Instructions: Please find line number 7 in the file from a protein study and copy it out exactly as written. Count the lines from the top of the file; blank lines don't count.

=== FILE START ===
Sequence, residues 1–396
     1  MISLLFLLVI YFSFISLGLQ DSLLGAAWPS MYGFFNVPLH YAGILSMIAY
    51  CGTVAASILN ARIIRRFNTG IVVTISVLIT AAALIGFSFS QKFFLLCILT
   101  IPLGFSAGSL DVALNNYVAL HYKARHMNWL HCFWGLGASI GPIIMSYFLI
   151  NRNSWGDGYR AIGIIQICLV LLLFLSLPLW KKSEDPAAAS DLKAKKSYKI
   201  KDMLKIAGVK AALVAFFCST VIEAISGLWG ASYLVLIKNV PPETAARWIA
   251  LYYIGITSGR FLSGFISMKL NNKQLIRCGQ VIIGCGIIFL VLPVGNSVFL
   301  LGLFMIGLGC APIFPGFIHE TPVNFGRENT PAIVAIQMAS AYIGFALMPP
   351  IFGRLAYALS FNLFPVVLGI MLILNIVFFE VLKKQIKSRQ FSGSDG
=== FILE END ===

   251  LYYIGITSGR FLSGFISMKL NNKQLIRCGQ VIIGCGIIFL VLPVGNSVFL